Since 1945, Japan has successfully reinvented itself, rising from the ashes of defeat to become a peaceful and prosperous nation. It is seen as an inspiration for other developing nations and contributes significantly to global development. As the third largest economy in the world, with a reputation for technological innovation and cultural creativity, Japan is a country shaping the world we live in.
In this new edition of Japan in Transformation, Jeffrey Kingston explores the character of the nation as it has evolved since the end of the Second World War. The book:
- examines the US Occupation and explains the causes of the economic miracle and its demise
- evaluates the effect of the Lost Decade of the 1990s and the unravelling of the Japan, Inc system that prevailed in the twentieth century
- analyses such central and topical issues as the demographic crisis, regional relations, security concerns, political change and the role of women
Expanded and thoroughly revised to cover the period of 1945 to 2010, this second edition of Japan in Transformation provides a succinct and comprehensive study of the recent history of one of the most dynamic nations in the modern world.
PART ONE BACKGROUND. 1 INTRODUCTION. 2 THE US OCCUPATION OF JAPAN, 1945-52. PART TWO ANALYSIS. 3 POSTWAR POLITICS. 4 THE ECONOMIC MIRACLE. 5 JAPAN AND ASIA: PAST AND PRESENT. 6 JAPANESE SECURITY. 7 WOMEN IN JAPAN. 8 DEMOGRAPHIC TIME BOMB. 9 REQUIEM FOR JAPAN, INC. PART THREE ASSESSMENT. 11 IN RETROSPECT. PART FOUR DOCUMENTS.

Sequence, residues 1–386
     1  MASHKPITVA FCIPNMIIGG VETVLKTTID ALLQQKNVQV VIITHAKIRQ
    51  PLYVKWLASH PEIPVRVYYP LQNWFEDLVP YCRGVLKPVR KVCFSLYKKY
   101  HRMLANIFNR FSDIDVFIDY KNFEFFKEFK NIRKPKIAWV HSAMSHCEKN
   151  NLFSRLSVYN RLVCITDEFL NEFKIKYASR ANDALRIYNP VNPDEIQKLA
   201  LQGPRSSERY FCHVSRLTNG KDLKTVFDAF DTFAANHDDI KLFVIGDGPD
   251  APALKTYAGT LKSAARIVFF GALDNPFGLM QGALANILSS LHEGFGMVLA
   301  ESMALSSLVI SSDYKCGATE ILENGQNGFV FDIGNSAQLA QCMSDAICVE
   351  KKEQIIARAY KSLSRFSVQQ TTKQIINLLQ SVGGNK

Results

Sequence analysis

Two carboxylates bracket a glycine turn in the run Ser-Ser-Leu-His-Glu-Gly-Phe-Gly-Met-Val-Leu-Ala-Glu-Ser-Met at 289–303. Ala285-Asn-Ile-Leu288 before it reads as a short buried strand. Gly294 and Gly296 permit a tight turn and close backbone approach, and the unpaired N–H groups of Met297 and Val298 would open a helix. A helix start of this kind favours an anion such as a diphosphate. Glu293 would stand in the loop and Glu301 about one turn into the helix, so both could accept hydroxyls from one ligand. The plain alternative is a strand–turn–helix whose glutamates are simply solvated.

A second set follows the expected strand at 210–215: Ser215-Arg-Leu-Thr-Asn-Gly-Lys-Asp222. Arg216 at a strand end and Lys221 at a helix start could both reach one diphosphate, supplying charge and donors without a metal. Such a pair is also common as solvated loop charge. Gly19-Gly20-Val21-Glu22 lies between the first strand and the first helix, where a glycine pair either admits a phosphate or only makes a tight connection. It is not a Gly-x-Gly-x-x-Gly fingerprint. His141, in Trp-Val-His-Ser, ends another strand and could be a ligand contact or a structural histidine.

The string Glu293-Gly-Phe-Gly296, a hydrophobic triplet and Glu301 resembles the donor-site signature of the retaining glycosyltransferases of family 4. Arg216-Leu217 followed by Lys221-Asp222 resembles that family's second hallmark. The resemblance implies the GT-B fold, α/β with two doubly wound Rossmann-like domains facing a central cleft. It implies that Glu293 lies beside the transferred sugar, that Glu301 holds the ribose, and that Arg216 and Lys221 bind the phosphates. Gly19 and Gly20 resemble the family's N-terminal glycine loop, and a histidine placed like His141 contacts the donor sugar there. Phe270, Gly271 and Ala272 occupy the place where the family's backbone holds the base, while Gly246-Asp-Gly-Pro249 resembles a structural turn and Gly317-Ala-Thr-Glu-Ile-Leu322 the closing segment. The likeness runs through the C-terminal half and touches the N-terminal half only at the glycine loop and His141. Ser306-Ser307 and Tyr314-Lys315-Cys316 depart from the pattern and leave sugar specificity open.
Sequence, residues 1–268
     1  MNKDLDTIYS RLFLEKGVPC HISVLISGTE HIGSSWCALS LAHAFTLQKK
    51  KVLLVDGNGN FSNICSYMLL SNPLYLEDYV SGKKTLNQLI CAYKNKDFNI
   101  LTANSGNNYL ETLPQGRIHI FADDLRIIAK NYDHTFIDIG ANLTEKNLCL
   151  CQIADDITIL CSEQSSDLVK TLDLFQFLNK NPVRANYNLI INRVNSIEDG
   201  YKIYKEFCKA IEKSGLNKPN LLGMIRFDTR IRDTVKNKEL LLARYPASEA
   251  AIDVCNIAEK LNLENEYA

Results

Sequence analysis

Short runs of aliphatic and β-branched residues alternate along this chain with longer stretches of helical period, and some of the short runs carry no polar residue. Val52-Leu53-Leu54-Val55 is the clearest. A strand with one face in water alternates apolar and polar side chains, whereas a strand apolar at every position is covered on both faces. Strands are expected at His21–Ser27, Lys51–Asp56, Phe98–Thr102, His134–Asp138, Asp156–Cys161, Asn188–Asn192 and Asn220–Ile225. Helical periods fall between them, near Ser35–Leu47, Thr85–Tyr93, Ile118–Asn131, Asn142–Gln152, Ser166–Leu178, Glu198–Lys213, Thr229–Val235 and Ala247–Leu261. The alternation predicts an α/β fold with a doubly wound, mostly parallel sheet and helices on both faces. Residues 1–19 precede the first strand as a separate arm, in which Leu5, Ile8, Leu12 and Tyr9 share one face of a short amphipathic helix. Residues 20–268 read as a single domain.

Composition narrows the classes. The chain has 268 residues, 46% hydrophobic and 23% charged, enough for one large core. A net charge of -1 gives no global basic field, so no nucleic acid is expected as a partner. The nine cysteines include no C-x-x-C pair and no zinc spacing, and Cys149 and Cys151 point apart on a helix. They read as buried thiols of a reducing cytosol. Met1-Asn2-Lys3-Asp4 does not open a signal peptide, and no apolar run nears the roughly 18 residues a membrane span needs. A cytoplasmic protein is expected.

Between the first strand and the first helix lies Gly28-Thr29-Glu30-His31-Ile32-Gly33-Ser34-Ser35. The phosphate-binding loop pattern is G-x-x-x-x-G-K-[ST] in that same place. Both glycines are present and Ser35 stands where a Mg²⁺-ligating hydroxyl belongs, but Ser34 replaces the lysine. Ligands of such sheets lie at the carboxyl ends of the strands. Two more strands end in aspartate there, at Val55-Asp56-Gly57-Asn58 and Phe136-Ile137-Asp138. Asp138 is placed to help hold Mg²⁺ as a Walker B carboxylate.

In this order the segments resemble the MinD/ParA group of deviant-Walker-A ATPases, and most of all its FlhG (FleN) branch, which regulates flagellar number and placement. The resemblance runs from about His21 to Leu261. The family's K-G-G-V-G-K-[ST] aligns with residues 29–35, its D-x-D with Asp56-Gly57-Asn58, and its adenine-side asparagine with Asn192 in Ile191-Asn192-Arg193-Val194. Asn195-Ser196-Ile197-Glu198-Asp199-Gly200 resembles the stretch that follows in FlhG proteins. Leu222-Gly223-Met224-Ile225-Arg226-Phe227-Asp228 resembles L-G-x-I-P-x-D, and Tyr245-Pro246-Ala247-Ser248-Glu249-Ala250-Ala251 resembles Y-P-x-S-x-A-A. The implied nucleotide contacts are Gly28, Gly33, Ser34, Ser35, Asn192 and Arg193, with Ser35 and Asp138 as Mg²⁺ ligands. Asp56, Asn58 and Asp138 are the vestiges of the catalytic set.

Each book in the Seminar Studies series provides a concise and reliable introduction to a wide range of complex historical events and debates, covering topics in British, European, US and world history from the early modern period to the present day. Written by acknowledged experts and including supporting material such as extracts from historical documents, chronologies, glossaries, guides to key figures and further reading suggestions, Seminar Studies titles are essential reading for students of history.
Almost half a century after its launch, the series continues to introduce students to the problems involved in explaining the past, giving them the opportunity to grapple with historical documents and encouraging them to reach their own conclusions. To submit proposals for new books in the Seminar Studies series, please contact the series editors:
Clive.Emsley: clive.emsley @ open.ac.uk
Gordon Martel: Gordon.Martel @ unbc.ca